The new Federal indigenous affairs Minister says more parents will face penalties if they do not send their children to school. The council of Australian Government’s report looking at five years of education results, shows the Northern Territory continues to have the lowest levels of numeracy and literacy in the country, partly due to poor attendance among indigenous students.
Father of five Neville Namanulk lives in the top end town of Jabiru, surrounded by Kakadu National Park. He went to school here, as is making sure his children do the same.
Sometimes it is easy, sometimes it’s hard to take, to looking at getting kids to school everyday – my kids go the school everyday.
A Council of Australian governments report examining education outcomes over five years shows Neville’s children are going against the trend.
In South Australia and Western Australia indigenous attendance is more than 10 percent below non-indigenous rates. In the Northern Territory the rates are lower.
We, sadly have the worst attendance and the worst education rates in indigenous schools and we sure how has it shame about that. What we actually need to focus on is where we make the investment, and is not about money.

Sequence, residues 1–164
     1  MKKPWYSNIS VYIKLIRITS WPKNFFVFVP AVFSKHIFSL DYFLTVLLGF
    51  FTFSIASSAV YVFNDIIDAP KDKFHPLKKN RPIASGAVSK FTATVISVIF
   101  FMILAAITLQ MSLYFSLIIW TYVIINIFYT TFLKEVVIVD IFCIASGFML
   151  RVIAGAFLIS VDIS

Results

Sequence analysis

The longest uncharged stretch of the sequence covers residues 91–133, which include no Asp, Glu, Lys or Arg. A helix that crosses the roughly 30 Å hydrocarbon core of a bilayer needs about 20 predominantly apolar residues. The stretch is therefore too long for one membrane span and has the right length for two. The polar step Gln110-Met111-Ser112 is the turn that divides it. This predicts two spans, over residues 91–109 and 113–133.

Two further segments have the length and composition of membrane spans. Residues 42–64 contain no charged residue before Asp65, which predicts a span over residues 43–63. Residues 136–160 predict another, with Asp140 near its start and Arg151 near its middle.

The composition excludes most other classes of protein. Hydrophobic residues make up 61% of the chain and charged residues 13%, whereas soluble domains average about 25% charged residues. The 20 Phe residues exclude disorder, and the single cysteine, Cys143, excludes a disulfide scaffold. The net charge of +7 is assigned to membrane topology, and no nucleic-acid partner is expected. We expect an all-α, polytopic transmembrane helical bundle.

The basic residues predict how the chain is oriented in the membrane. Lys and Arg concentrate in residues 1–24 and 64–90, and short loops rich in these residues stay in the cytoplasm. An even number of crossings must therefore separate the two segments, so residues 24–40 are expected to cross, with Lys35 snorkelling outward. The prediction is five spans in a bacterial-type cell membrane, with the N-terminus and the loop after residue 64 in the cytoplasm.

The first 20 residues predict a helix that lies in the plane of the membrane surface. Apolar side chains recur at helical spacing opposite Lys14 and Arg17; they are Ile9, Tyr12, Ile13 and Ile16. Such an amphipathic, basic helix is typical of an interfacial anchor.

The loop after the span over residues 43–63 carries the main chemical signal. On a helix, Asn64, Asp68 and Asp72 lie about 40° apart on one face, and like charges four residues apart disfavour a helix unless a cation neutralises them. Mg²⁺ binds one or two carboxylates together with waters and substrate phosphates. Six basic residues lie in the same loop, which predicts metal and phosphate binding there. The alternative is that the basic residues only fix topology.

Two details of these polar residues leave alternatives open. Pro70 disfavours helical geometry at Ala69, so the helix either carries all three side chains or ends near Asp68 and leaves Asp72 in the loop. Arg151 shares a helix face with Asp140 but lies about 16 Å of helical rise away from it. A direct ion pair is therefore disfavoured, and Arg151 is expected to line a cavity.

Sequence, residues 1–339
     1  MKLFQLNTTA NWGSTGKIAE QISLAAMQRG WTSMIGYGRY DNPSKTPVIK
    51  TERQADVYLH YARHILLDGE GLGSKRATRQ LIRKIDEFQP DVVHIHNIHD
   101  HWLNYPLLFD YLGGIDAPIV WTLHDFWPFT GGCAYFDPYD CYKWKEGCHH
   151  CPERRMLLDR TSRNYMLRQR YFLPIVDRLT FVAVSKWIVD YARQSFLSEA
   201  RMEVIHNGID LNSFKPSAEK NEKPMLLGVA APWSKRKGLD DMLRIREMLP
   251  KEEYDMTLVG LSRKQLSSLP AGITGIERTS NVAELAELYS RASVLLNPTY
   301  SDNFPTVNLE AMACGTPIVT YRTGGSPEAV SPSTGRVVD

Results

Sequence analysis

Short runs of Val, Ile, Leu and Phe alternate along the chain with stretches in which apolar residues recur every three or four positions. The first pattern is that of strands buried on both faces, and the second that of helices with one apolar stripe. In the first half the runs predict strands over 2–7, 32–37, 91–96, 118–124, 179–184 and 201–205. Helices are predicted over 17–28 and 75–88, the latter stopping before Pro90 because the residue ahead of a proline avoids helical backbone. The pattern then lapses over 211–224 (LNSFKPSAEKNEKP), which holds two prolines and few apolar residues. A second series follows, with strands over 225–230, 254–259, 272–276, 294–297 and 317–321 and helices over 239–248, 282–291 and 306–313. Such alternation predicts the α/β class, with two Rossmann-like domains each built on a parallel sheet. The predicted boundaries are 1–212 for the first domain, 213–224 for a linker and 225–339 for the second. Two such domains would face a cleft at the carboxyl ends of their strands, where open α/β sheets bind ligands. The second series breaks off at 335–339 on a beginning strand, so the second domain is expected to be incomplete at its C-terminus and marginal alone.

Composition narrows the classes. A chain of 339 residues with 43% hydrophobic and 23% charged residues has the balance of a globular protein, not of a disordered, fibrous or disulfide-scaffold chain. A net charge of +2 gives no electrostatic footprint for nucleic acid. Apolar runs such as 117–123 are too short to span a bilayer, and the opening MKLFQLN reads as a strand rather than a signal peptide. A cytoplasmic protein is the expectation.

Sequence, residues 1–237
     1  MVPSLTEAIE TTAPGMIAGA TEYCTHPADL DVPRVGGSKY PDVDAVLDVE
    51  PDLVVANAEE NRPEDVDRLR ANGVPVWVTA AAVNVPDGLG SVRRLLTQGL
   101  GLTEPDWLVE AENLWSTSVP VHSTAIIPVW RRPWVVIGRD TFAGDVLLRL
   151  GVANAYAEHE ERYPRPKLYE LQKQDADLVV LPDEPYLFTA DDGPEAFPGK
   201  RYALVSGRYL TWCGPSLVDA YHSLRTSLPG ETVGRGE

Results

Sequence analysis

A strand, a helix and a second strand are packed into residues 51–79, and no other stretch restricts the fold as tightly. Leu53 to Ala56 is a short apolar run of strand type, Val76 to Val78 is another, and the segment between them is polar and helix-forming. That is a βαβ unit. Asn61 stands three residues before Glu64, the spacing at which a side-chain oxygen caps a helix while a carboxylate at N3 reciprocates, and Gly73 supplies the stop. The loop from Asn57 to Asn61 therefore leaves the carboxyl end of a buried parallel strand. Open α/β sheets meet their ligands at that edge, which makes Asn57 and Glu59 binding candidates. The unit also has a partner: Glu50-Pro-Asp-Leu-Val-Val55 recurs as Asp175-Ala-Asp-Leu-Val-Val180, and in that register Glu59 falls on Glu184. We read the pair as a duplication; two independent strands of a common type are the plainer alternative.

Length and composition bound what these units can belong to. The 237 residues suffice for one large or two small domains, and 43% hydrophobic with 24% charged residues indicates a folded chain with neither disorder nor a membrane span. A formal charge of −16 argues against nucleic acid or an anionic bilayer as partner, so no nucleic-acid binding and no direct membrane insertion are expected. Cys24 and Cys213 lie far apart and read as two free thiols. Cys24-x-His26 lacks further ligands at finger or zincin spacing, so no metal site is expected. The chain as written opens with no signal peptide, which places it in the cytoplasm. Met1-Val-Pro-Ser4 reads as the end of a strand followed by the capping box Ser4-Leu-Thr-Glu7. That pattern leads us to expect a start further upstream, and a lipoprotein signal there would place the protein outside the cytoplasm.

The rate for indigenous year 10 students in the territory last year dropped by 14 percent.
The start of the school term next year, I would like to see a full attendance. And that can only happen by the assistance of the community. We share this as the single biggest priority.
A big stick will be used to force the change, with the expansion of the scheme trialled in the territory, where parents faced losing their welfare payments if their children don’t go to school.
That is certainly a direction we need to move on.
The tough approach has the support of the first Aboriginal woman elected to Federal Parliament.
We need to be proactive and how we engage with people, and if that means being, you know, taking extreme measures to be able to get kids to school you have to do that.
The minister is promising to help his political allies in the territory.
I think the Northern Territory government need some assistance, perhaps without being critical a somewhat more sophisticated approach and I think the Commonwealth can play a role in there.
The new indigenous affairs Minister and the Northern Territory government will now be talking to be Federal education Minister to find out what level of help he can offer.
Michael Coggan, ABC News, Darwin.